The higher the score, the less favorable the evolution. A questionnaire was answered both before treatment and three and eight months later, comparing each patient’s evolution with what it had been before and also keeping in mind the frequency, duration and intensity of crises. A blood study was made on each patient prior to treatment, and EEG and RMN studies were made in most cases. The treatment with neuroleptics or other treatment which each patient had was continued, adding the antiviral treatment. For 14 patients, this was aciclovir, as follows: one gram a day for one month, 800 mg. a day for three months, 600 mg. a day for three months, 400 mg. a day for three months, and then 200 mg. a day if the patient continued to evolve favorably. For four patients, aciclovir and Interferon were combined, as follows: 3 million IU of Alpha Interferon injected intramuscularly once a week for three months. changing to 3 million every 15 days if their evolution was favorable, combined with 200 mg. of aciclovir a day’ right from the start. Periodic blood studies were made later on in these cases, to observe leukocyte and blood platelet counts. Deposit fluphenazin was the neuroleptic used most frequently. Carbamazepin was used on four patients as another most frequently used drug.


Thirteen of the 14 patients

(93 percent of them) who were treated with high doses of aciclovir, following the plan described above, evolved favorably, with low scores on the scale of social evolution. The absence of relapses in 14 patients and the short duration and low intensity of the crises in two of the four who did have crises were other elements which were considered as favorable when the evolution of each patient was compared with his clinical evolution before the treatment was begun (Table 2). The two cases that did not evolve favorably maintained the same score in the social evolution scale that they had had prior to the beginning of treatment. Those two patient did not cooperate in the antiviral treatment. One of them got a lot better during the first six months of antiviral treatment; then the treatment was abandoned and the symptoms of the disease reappeared. In no patient was it necessary to suspend or decrease the treatment because of lack of tolerance or undesired effects. Both interferon and aciclovir were well tolerated, with the side effect on the day of the interferon injection controlled easily with antipyretics before the injection and two hours afterwards.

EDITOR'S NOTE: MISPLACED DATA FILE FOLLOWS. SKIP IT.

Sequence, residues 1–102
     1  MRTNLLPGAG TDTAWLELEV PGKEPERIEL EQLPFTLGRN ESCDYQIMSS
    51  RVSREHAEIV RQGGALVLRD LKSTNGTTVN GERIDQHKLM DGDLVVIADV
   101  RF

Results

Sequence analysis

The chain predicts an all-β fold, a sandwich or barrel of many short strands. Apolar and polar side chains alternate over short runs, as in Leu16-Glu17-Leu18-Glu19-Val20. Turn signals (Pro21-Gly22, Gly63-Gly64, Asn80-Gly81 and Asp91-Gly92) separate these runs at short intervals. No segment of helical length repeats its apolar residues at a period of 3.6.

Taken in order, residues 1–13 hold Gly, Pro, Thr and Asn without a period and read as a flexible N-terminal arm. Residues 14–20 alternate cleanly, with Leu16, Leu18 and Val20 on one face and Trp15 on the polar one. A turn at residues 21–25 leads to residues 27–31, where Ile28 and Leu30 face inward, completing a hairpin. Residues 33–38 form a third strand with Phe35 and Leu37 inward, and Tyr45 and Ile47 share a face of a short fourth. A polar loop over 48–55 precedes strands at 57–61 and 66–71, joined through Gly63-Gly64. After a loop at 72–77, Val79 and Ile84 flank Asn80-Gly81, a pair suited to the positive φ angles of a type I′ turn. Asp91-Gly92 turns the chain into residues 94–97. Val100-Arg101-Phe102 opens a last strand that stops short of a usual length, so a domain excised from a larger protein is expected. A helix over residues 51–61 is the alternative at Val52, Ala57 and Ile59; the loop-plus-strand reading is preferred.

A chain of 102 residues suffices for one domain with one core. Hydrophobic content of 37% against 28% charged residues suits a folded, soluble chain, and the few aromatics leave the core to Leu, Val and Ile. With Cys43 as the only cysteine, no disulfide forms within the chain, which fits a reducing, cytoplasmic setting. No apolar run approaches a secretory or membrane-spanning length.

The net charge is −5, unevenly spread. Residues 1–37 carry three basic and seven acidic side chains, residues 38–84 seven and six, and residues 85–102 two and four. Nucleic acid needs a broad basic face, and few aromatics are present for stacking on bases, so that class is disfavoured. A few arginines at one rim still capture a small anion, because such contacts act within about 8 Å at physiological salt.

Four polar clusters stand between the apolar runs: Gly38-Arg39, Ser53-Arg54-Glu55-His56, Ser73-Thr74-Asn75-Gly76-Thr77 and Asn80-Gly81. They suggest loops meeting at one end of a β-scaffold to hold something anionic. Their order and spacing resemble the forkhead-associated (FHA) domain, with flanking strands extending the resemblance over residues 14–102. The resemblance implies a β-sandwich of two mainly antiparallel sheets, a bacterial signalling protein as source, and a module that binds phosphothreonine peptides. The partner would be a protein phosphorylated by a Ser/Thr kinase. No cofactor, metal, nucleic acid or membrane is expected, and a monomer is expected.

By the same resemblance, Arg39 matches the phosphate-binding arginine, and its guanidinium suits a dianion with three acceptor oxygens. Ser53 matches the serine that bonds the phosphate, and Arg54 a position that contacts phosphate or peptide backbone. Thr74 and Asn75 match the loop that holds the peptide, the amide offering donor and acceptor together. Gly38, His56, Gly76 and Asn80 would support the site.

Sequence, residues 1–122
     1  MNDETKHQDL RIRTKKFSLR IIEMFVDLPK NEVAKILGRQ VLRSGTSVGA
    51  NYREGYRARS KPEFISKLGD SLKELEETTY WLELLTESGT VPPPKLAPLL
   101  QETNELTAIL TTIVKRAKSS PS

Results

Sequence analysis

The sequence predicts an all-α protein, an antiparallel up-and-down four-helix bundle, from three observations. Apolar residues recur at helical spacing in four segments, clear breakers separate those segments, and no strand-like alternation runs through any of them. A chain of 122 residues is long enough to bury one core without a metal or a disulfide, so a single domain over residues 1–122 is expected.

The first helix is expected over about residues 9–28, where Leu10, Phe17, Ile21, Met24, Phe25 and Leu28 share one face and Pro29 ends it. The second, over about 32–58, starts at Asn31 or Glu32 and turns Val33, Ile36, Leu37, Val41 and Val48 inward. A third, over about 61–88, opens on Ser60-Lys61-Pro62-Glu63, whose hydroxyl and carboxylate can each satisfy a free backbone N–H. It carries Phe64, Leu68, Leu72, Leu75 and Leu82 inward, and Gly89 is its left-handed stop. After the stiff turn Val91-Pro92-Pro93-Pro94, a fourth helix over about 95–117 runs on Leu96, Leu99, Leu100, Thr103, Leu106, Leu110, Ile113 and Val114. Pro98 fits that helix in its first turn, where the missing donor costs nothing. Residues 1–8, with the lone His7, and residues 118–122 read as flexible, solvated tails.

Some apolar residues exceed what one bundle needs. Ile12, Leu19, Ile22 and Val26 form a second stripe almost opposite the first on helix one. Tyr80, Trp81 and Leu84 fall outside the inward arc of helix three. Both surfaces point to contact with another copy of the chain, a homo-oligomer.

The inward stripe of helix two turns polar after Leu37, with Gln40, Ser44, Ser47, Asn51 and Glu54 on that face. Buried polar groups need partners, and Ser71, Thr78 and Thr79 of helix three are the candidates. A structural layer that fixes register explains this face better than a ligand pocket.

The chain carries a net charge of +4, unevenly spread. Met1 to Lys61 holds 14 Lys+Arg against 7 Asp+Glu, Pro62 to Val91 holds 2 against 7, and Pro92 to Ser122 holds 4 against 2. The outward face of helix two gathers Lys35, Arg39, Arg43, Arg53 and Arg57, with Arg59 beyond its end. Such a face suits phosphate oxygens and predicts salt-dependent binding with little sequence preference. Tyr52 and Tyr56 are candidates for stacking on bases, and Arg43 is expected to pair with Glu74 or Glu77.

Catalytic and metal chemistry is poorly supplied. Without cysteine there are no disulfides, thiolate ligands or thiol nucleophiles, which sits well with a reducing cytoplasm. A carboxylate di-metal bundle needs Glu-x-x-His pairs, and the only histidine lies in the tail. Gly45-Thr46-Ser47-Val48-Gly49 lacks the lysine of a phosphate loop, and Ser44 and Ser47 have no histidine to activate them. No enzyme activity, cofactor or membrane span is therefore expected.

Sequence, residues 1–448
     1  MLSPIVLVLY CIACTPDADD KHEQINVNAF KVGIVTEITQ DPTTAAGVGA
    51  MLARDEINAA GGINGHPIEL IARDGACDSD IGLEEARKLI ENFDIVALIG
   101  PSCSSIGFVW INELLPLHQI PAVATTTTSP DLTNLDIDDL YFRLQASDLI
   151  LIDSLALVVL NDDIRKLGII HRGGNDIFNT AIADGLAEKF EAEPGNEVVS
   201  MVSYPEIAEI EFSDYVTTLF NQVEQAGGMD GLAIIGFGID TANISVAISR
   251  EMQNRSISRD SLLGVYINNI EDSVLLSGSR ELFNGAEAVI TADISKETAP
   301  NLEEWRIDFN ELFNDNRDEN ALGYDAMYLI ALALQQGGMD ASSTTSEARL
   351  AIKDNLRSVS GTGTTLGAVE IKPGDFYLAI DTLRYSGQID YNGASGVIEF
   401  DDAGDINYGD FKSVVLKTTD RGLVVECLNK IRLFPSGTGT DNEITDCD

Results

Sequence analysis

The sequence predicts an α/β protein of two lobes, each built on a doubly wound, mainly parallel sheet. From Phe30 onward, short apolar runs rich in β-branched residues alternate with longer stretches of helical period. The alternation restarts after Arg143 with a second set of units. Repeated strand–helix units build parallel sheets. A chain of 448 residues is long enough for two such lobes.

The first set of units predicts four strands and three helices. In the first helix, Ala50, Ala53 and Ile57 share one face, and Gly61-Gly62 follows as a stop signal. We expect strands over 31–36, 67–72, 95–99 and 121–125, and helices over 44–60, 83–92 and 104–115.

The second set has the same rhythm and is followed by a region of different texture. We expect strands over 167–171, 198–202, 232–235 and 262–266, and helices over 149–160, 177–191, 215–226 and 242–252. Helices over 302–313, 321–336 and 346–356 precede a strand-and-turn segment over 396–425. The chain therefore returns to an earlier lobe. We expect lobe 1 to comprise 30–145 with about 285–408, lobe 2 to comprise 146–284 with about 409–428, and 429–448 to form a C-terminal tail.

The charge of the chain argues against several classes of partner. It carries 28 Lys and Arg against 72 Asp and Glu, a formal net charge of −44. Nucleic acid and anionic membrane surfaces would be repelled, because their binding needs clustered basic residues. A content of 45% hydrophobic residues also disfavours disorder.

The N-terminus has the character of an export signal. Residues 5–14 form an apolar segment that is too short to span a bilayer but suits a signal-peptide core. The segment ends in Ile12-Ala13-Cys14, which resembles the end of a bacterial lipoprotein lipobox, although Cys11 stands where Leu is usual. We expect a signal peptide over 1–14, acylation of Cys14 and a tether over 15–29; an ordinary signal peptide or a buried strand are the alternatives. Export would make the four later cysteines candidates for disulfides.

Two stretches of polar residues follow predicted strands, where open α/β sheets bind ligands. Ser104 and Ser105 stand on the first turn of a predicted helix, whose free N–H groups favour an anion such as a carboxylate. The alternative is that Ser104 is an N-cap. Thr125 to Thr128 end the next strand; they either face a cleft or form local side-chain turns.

After an average of three months of treatment, the patients’ social conduct began to evolve very favorably, with some of them going to work or study. Those who did not at least allowed the relatives who take care of them to have a higher quality of life. In every case, there was a clear correspondence between the patient’s clinical evolution and the BT. In the cases which evolved favorably, there was an important decrease in the HSV-1 antigen or in the presence of viral like particles.

The presence of viral activity during crises was observed in the BTs (Figure 1) of patients who suffered relapses.


Every day, more elements favor a viral hypothesis of the etiology of schizophrenia, especially that of herpes sirnplex as the most probable candidate among the causative agents. The positive neurotropism of this virus to the temporal lobe (seat of the limbic system); its characteristic form of clinical evolution in outbreaks and remissions, as happens in the diseases that are the object of this paper, and its ability to remain latent in the central nervous system are some of the elements which support this hypothesis. An increase in antibodies against HSV-1 (3), which was observed in the patients and the presence of particles with the characteristic antigenic response and morphology, as seen under the electronmicroscope in patients, fetuses and inoculated animals (5,6), are other